Dispersal mode, shade tolerance, and phytogeographical affinity of tree species during secondary succession in tropical montane cloud forest
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- Muñiz-Castro, M.A., Williams-Linera, G. & Martínez-Ramos, M. Plant Ecol (2012) 213: 339. doi:10.1007/s11258-011-9980-5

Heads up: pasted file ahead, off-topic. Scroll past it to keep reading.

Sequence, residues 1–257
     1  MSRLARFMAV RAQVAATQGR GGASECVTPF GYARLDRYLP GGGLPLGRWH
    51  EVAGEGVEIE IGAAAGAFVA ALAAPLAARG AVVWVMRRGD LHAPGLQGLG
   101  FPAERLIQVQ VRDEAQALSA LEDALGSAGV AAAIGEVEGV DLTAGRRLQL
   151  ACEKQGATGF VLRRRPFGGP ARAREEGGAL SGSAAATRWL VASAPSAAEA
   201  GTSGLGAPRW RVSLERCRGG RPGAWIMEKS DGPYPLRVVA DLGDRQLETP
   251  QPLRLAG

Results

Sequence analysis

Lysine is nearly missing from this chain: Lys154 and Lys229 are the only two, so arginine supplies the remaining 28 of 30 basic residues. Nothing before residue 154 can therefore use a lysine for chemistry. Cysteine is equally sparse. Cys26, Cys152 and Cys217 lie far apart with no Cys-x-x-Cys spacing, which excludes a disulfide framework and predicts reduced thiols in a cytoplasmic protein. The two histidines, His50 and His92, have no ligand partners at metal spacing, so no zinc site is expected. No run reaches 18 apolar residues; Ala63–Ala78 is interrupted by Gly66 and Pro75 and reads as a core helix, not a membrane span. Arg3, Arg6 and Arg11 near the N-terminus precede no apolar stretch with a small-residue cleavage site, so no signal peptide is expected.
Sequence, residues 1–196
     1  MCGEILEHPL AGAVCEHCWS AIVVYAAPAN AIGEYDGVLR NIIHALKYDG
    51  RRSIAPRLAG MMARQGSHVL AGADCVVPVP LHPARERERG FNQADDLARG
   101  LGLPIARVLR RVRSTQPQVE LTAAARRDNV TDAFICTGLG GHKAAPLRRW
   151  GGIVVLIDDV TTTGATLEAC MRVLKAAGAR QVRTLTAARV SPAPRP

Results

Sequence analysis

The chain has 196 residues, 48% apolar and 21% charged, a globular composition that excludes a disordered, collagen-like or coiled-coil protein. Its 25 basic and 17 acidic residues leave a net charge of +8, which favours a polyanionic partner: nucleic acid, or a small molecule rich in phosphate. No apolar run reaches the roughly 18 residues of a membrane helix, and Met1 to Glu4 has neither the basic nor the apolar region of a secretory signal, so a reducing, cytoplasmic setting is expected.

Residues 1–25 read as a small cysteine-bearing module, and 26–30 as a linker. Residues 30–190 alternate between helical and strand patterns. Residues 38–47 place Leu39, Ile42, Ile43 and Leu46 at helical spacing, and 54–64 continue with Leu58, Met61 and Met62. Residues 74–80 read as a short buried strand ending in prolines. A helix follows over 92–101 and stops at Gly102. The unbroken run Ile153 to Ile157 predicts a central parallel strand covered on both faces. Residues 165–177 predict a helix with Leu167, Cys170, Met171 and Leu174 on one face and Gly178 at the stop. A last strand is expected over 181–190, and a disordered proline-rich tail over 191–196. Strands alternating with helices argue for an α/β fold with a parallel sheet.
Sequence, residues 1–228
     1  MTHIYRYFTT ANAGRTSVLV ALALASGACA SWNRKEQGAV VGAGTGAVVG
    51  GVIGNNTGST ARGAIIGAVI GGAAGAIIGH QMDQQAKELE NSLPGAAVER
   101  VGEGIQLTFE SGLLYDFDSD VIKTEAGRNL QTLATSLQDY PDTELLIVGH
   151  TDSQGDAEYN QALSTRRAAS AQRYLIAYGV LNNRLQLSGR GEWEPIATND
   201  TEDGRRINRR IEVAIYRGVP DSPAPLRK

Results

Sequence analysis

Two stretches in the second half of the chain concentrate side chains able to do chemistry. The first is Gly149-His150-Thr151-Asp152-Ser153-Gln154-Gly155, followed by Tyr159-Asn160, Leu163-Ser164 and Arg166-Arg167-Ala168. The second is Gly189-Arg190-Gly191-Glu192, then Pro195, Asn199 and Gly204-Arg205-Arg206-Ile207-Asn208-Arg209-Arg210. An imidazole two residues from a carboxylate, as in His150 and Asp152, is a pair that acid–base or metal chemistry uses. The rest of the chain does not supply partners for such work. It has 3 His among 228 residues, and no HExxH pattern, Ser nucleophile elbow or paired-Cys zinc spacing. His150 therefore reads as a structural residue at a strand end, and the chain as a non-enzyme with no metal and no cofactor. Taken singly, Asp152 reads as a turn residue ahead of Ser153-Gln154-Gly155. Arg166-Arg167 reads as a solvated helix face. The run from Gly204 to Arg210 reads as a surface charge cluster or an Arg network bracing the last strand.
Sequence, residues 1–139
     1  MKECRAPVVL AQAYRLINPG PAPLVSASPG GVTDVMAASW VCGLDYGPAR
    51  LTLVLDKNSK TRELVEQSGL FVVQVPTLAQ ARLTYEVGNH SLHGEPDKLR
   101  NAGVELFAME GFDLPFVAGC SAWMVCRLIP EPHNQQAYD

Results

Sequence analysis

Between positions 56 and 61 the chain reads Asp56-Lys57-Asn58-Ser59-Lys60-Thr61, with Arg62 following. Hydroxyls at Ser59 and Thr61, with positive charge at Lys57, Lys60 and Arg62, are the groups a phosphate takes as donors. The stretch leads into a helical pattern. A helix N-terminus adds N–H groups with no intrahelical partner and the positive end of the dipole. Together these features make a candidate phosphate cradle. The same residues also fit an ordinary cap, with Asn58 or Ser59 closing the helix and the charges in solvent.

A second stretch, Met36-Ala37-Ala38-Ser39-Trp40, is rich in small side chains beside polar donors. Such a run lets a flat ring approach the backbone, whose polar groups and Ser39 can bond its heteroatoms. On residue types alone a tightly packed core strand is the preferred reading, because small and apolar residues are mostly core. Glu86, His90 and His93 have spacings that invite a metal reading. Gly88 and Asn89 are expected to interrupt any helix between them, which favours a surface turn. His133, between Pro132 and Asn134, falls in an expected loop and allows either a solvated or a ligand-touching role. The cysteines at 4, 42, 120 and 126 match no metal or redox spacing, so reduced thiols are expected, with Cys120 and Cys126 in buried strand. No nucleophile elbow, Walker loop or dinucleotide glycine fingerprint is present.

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Secondary succession following land abandonment, represented by a chronosequence of 15 old fields (0–80 years old) and two old-growth forests, was studied in the tropical montane cloud forest region of Veracruz, Mexico. The objective was to determine successional trajectories in forest structure and species richness of trees ≥5 cm DBH, in terms of differences in seed dispersal mode, shade tolerance, and phytogeographical affinity. Data were analyzed using AIC model selection and logistic regressions. Mean and maximum canopy height reached values similar to old-growth forest at 35 and 80 years, respectively. Species richness and diversity values were reached earlier (15 and 25 years, respectively) while basal area and stem density tended to reach old-growth forest values within 80 years. Along the chronosequence, the proportion of species and individuals of wind-dispersed trees declined, that of bird dispersed small seeded trees remained constant, while that of gravity and animal dispersed large seeded trees increased; shade-intolerant species and individuals declined, while intermediate and shade-tolerant trees increased. Shade-tolerant canopy trees were rare during succession, even in the old-growth forest. Tropical tree species were more frequent than temperate ones throughout the chronosequence, but temperate tree individuals became canopy dominants at intermediate and old-growth forest stages.